BAKERSFIELD, Calif. (KGET) — While Kern County continues to try to negotiate a harrowing present, Bakersfield city officials are forging ahead toward an better future. One path of note is the Transformative Climate Communities plan, a state-funded undertaking that could make Bakersfield an easier place to live, work and navigate.

At least that’s the plan.

As metro Bakersfield grows in geographic size and population, its housing and transportation challenges increase accordingly — as does its climate footprint. That’s the challenge city officials are seeking to stay ahead of with the TCC plan — a $200,000 undertaking funded in part by the California Department of Conservation and fueled by public feedback — that looks for ways to clean up our air.

Better transportation infrastructure, including bike lanes, affordable housing, urban greening, and workforce development are all part of the plan.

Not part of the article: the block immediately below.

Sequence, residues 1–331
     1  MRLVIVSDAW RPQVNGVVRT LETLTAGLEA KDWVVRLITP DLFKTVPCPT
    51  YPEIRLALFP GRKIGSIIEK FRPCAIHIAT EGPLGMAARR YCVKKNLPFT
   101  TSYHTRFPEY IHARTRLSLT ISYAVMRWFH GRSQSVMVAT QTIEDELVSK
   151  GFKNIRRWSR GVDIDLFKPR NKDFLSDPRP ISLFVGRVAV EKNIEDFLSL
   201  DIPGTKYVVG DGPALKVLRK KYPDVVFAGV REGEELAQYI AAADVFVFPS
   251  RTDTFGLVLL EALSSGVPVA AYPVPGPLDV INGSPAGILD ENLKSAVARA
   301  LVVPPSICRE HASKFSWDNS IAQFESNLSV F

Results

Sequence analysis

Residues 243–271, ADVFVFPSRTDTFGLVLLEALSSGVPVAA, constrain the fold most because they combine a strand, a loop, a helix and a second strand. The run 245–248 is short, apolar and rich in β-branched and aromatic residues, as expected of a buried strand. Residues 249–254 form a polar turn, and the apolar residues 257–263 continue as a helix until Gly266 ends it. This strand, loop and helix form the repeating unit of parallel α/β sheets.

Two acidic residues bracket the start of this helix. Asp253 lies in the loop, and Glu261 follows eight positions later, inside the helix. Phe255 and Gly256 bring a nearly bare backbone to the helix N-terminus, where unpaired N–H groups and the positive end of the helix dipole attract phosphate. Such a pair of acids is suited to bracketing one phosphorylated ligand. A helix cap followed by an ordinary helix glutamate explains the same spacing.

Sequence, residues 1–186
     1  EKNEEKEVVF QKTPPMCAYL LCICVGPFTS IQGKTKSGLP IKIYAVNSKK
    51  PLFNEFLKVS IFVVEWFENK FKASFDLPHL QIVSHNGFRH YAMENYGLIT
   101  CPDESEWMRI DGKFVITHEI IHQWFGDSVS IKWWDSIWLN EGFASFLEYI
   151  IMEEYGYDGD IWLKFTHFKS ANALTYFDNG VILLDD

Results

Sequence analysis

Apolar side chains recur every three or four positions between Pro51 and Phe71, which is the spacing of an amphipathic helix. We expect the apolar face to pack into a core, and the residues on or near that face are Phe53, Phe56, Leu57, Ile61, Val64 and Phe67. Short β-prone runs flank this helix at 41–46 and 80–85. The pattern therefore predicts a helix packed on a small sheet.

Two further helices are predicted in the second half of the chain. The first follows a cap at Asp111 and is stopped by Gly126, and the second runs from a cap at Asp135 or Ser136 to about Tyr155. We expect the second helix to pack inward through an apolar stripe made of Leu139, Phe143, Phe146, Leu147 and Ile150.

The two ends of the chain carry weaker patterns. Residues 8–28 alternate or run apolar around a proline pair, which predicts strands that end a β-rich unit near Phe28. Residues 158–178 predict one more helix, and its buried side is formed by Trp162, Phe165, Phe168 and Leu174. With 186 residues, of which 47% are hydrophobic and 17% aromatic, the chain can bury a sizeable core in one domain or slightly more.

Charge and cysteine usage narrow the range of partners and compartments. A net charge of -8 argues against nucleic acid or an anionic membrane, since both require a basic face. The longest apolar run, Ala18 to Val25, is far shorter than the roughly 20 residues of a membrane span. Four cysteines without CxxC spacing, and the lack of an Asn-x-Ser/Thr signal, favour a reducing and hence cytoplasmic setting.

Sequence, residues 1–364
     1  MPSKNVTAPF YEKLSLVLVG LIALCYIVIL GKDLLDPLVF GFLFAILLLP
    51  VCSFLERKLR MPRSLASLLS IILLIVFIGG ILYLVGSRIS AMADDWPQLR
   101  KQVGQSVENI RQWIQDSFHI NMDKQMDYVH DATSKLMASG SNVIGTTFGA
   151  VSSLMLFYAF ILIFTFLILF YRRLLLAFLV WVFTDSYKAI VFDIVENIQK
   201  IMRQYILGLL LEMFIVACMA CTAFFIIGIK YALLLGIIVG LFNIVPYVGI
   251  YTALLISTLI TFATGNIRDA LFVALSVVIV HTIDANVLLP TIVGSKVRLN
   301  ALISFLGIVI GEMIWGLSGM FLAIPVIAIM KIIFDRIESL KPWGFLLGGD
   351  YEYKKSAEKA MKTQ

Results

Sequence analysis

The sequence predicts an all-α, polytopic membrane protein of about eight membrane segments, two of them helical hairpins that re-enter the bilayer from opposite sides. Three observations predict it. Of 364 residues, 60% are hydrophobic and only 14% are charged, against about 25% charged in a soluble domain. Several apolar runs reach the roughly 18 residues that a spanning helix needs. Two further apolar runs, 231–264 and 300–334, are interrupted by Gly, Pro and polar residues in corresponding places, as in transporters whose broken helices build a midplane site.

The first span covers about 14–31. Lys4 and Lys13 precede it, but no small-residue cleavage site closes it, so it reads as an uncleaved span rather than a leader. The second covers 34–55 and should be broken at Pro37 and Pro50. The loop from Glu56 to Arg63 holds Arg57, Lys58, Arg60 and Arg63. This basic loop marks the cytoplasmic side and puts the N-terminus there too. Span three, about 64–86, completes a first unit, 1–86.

Cecelia Griego, the city’s Economic Development principal planner, is leading the project.

“There’s a lot of focus on housing, there’s a lot of focus on active transportation projects like bike and and pedestrian enhancements, and the like,” she said. “So the city thought this program aligned well with its downtown vision plan. We applied for this funding in the hopes that we can secure capital funds to do these community enhancements.”

So far, six projects check all the boxes. One would turn six-lane California Avenue into a so-called Complete Street — engineered for safer travel for cars, bikes and buses. Another would add a separated bike lane on 21st Street to encourage bicycle commuting in and out of the downtown area.

Two others would target Baker Street with safety improvement for pedestrians and bike lanes in and out of the downtown area. And two more still would develop affordable housing projects on California Avenue and on Baker Street.

Public input from four virtual meetings helped the city develop a comprehensive draft plan — released just last Friday — that officials will use to secure state funding to actually carry out the projects. Other cities have received as much as $30 million from the state agency for similar purposes.

Residents can review the draft plan and watch the four recorded virtual meetings at

The COVID-19 pandemic has slowed or halted state funding for projects like these, and justifiably so, but local economic development officials say they’ll be ready when the light turns green again.